Vision boards: How to harness the power of visualisation

If you’re setting goals for the new year, this mental technique popular with sports stars and celebrities could help super-charge the results.

Years before he became a household name, actor Jim Carrey wrote himself a cheque for $10 million for “acting services rendered”.

Carey reported to Oprah Winfrey that although a number of years passed between writing the note and placing it in his wallet as a reminder, he was paid exactly that sum to make the smash hit Dumb and Dumber.

Carrey isn’t the only high-profile celebrity to put his faith in visualisation.

Athletes such as Tiger Woods and Muhammed Ali, billionaires such as Spanx founder Sara Blakely, and Hollywood heavyweights like Arnold Schwarzenegger and Oprah herself have all claimed to have used the practice to help achieve their success.

What is visualisation?

Visualisation is imagining something you want, seeing it in the mind as if it is already true and then repeating these images every day.

The images should be clear, detailed and include the five senses – so you should imagine what you can see, hear, taste, touch and smell in your imagined scenario.

Does visualisation really work?

A study by Cleveland Clinic Foundation found those who carried out virtual workouts in their heads could almost train their muscles as much as an actual workout.

Another study, by Auburn University and Transylvania University, showed weightlifters were able to lift more weight when they incorporated visualisation into their training.

While you might be keen to start visualising your goals, there is a physical tool that just might help you achieve your dreams: a vision board.

The power of vision boards

A vision board is a collage of pictures, words and quotes you have assembled to inspire and motivate you towards achieving your goals.

Master life strategist and author Shannah Kennedy has been creating vision boards for more than 35 years.

“Vision boards are a call to become something more – a daily visual reminder of your dreams and goals,” Shannah explains.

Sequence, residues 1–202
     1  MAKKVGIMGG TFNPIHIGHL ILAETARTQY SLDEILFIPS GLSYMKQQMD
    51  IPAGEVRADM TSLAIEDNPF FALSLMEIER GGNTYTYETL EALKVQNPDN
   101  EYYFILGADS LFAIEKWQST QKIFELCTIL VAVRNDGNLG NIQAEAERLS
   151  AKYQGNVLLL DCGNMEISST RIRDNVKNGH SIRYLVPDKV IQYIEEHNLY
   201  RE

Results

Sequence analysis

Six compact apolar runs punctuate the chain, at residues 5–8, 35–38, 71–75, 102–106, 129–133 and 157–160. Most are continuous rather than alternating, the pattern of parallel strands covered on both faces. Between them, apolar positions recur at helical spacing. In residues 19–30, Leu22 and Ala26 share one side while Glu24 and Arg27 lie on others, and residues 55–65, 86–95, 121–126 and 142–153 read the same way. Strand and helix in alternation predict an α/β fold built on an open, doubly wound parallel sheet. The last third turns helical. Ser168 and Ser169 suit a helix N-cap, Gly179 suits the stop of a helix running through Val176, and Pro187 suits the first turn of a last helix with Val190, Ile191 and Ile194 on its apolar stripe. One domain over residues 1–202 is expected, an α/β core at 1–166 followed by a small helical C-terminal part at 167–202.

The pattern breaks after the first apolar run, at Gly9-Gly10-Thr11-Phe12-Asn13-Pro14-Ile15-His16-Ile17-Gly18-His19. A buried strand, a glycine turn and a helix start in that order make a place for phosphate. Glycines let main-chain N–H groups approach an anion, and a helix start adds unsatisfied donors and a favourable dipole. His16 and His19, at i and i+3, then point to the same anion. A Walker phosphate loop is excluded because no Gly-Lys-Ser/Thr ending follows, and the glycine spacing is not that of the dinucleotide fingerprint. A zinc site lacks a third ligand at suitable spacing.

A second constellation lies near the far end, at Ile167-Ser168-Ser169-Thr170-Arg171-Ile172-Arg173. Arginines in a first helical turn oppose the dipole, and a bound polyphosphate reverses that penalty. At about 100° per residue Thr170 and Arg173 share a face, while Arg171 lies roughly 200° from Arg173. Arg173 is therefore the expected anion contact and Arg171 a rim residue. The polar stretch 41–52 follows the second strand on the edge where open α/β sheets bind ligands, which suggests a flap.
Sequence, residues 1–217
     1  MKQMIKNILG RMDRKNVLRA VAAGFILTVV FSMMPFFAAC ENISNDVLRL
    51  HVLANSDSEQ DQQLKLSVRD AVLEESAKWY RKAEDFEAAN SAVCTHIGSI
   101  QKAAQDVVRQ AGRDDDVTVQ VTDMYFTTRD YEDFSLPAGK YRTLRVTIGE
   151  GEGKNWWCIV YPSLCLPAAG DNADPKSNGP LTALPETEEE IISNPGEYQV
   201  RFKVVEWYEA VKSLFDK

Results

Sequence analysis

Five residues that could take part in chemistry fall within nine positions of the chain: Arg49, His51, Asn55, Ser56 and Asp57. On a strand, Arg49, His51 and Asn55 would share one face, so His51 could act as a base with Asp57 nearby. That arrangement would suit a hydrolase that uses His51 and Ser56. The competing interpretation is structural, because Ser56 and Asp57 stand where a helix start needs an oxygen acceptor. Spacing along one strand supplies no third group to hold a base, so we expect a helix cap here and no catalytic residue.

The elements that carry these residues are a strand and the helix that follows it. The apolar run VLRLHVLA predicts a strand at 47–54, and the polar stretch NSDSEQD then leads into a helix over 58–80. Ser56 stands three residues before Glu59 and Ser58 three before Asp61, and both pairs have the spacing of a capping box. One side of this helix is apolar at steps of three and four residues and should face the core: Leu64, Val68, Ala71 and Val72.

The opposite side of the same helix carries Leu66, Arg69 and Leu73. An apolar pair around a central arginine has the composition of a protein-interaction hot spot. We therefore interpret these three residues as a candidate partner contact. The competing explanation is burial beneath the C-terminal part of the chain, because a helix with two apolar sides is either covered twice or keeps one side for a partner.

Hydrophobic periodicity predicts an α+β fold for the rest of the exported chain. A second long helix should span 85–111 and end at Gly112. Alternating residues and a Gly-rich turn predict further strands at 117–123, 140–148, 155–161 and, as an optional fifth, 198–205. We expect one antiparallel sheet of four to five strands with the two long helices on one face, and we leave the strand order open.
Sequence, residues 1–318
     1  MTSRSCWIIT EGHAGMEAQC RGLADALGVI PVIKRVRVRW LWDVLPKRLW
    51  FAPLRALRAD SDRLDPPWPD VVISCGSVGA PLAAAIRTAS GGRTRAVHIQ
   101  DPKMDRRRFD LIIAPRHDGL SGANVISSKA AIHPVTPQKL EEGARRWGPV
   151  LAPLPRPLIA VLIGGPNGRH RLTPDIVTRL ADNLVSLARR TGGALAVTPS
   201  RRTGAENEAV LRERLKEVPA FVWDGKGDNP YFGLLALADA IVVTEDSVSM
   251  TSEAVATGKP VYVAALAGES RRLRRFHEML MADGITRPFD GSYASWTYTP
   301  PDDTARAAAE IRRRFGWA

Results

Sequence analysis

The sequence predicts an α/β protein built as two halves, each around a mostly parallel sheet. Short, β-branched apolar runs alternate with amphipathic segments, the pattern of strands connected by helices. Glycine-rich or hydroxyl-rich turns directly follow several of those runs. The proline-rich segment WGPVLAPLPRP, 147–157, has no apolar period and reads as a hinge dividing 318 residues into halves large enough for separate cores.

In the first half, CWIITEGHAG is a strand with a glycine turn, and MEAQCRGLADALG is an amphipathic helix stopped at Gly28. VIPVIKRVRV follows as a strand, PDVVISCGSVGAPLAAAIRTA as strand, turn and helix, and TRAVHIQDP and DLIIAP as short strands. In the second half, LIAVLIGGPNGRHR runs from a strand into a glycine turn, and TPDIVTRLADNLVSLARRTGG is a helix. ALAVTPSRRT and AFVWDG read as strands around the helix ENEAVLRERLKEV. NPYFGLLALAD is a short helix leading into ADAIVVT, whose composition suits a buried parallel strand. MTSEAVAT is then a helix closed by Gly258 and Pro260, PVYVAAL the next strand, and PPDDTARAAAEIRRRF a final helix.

“A lot of people write their goals down at the beginning of a new year and then put the list away in the drawer.

“But the brain needs a map on display, otherwise how will it have the confidence to get you where you’re trying to go?”

Seeing is believing

When it comes to goal setting, vision boards are invaluable for a reason, according to Shannah.

“The brain places a stronger value on images rather than the written word on a to-do list,” she says.

“But, ultimately, this is about taking time to think about our values and then building imagery and quotes based around questions we ask ourselves such as, ‘Which direction do I want to go in?’ and ‘How do I want that to feel?’

“You have to choose things that mean something to you and what you want out of life.”

Follow through with action

Whether you’re writing goal cards, practising daily visualisation with meditation or creating a vision board, goal setting won’t mean a thing without having an action plan in place, development and wellbeing coach Sheena Polese says.

And it’s a good idea to share that action plan with others.

“It’s part of the recipe, because all the research shows that if we keep our goals to ourselves, we’re less likely to fully commit to them but if we make them public, we feel duty-bound to honour our words,” Sheena says.

Keep your vision precise

Sheena says your goals should be specific and present with a simple ‘why?’ attached.

“You might say you want to lose 10kg but you need to ask yourself why you want to lose the weight, how you’ll expect you’ll feel and/or what changes it will make to your life,” she says.

“And then you need to look at what the actionable steps will be and in what time frame you hope to achieve each step.”

Looking to buy a home in 2022?

Picture the home but don’t forget a journal that includes how much you’ll need to save, how you plan to do it and what a realistic time frame will be in order to achieve the dream.

“You’ll need to revisit your actionable steps daily to remember to stay on track and keep working towards your goals,” Sheena says.

As Winfrey pointed out in her interview with Carrey, “Visualisation works if you work hard”.

Written by Dilvin Yasa.